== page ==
Workers at German firms including car makers and suppliers have been striking today to support a key union's demands for a pay hike and cuts to working hours.
According to Reuters, IG Metall has demanded workers should be able to cut weekly hours to 28 from 35 if they need to care for children, elderly or sick relatives and get the right to return to work full time after two years.
Workers reportedly have been staging warning strikes since last week, a common tactic in Germany. About 33,000 workers took part on Tuesday, including 10,000 at Daimler, taking the total to 425,000 since last week, the news agency said.
With the economy in good shape and unemployment at a record low, the trade union is confident of winning a significantly better deal for around 3.9m workers in the metal and engineering sectors, Reuters said. It would decide next Friday, after the current round of wage talks, whether to escalate the dispute into 24 hour strikes.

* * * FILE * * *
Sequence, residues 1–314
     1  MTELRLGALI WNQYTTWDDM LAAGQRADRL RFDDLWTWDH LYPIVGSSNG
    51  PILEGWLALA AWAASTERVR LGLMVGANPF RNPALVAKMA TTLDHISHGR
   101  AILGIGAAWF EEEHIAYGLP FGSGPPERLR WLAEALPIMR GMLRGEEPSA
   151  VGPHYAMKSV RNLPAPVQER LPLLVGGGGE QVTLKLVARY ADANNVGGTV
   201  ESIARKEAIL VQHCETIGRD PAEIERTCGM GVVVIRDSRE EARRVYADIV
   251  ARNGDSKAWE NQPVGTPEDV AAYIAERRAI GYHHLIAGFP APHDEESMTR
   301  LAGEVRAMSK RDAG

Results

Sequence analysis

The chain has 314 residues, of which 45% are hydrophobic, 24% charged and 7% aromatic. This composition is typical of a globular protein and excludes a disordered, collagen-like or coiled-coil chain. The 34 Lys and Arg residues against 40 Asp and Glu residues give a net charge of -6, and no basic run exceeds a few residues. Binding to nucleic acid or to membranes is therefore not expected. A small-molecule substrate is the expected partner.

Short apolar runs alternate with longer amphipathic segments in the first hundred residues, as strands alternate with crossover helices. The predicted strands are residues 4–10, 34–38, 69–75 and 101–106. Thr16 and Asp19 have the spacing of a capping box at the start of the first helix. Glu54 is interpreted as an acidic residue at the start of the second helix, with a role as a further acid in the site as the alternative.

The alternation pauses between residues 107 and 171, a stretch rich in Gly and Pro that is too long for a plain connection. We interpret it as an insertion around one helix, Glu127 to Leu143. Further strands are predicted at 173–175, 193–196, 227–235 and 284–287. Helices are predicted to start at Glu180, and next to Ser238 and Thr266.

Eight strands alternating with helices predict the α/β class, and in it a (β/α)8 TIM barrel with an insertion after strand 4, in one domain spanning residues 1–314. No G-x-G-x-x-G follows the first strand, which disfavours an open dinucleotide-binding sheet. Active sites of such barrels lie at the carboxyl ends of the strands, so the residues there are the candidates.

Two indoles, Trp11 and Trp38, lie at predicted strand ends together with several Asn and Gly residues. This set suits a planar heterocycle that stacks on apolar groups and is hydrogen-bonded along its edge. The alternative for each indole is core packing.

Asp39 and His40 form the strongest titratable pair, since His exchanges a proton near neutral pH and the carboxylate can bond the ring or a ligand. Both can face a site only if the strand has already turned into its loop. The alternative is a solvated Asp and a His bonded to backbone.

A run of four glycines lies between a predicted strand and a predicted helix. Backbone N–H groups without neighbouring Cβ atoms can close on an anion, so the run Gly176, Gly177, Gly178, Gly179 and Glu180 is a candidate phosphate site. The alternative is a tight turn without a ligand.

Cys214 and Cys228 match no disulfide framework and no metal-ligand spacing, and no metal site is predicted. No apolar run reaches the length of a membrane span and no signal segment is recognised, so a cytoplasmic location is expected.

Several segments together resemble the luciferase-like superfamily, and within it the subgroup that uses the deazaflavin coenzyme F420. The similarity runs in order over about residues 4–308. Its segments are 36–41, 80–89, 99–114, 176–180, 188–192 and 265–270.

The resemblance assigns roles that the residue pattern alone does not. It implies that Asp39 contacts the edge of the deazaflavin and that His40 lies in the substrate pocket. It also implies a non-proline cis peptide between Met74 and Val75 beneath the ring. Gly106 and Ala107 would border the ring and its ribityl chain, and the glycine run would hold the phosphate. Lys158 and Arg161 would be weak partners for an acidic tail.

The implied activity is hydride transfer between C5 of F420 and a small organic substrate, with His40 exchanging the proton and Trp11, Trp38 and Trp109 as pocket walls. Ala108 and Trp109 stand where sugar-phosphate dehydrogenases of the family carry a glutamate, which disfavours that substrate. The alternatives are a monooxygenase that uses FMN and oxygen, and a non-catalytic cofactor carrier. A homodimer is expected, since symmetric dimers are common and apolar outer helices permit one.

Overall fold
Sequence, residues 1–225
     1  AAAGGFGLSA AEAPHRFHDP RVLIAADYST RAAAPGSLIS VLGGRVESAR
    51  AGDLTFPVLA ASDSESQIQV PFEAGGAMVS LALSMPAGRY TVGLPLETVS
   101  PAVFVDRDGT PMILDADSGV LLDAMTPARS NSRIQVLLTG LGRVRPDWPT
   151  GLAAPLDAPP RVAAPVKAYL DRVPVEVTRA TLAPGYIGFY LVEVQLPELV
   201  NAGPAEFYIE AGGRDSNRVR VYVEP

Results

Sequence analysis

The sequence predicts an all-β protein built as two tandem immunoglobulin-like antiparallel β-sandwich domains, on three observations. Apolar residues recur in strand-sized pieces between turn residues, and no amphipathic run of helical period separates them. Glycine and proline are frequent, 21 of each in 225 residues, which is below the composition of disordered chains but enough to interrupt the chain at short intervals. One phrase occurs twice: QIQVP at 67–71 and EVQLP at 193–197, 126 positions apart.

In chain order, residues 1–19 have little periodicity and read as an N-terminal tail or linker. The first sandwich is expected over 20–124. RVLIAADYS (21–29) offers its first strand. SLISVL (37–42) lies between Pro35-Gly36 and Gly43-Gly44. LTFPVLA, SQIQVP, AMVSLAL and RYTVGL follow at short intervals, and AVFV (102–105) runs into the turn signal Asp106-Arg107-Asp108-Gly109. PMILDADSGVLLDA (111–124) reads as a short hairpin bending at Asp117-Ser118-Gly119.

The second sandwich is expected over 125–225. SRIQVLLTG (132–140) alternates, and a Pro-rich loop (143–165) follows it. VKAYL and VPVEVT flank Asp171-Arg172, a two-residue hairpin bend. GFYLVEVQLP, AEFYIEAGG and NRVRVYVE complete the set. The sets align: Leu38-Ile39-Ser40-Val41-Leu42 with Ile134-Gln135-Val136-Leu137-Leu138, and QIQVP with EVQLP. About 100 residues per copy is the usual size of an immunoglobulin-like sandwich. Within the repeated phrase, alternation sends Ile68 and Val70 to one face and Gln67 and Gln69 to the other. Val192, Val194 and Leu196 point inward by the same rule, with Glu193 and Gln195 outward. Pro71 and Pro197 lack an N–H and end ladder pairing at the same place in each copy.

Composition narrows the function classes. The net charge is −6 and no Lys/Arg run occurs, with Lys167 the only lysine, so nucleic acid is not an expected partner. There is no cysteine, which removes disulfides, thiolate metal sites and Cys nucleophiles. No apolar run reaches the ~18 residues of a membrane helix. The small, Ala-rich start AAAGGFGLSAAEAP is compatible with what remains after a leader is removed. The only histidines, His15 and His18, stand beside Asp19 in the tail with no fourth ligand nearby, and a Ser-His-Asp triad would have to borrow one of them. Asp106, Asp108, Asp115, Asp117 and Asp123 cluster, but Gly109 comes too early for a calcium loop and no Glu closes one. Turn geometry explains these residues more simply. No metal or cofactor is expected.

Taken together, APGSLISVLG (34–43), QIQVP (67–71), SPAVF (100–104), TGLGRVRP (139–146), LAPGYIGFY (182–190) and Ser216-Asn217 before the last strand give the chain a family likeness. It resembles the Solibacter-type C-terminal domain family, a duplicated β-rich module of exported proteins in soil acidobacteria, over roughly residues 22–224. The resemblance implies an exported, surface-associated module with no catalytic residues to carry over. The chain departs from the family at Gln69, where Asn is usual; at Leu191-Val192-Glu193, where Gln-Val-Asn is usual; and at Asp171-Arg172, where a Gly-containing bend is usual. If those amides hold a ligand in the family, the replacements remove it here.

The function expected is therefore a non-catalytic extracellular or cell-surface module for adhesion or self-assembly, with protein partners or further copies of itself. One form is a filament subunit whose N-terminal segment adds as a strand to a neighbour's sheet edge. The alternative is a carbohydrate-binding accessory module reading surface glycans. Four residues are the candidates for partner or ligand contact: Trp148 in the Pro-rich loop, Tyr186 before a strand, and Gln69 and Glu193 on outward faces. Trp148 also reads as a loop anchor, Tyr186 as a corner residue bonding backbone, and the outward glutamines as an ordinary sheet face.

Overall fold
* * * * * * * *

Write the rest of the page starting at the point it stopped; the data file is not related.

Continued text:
"The proposal that the employers have made is far from fair," IG Metall chief Joerg Hofmann told a news conference in Frankfurt. "An offer of a 2% wage rise is more like a provocation."
Flash strikes also took place on Tuesday at Schaeffler, Bosch Rexroth, ZF Friedrichshafen, Siemens, BMW and Osram, according to Reuters.
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Lower Saxony employers' association NiedersachsenMetall told Reuters a third round of negotiations had ended on Tuesday without a result.
"We've offered the trade union alternative solutions but unfortunately we're not seeing much movement from the other side yet," said head Volker Schmidt.
Reuters said employers rejected the demands to cut hours unless working time for others could be increased temporarily as well. They argue that workers in Germany's industrial sector already have shorter weeks than peers in other countries and are concerned reducing hours further would hurt German competitiveness.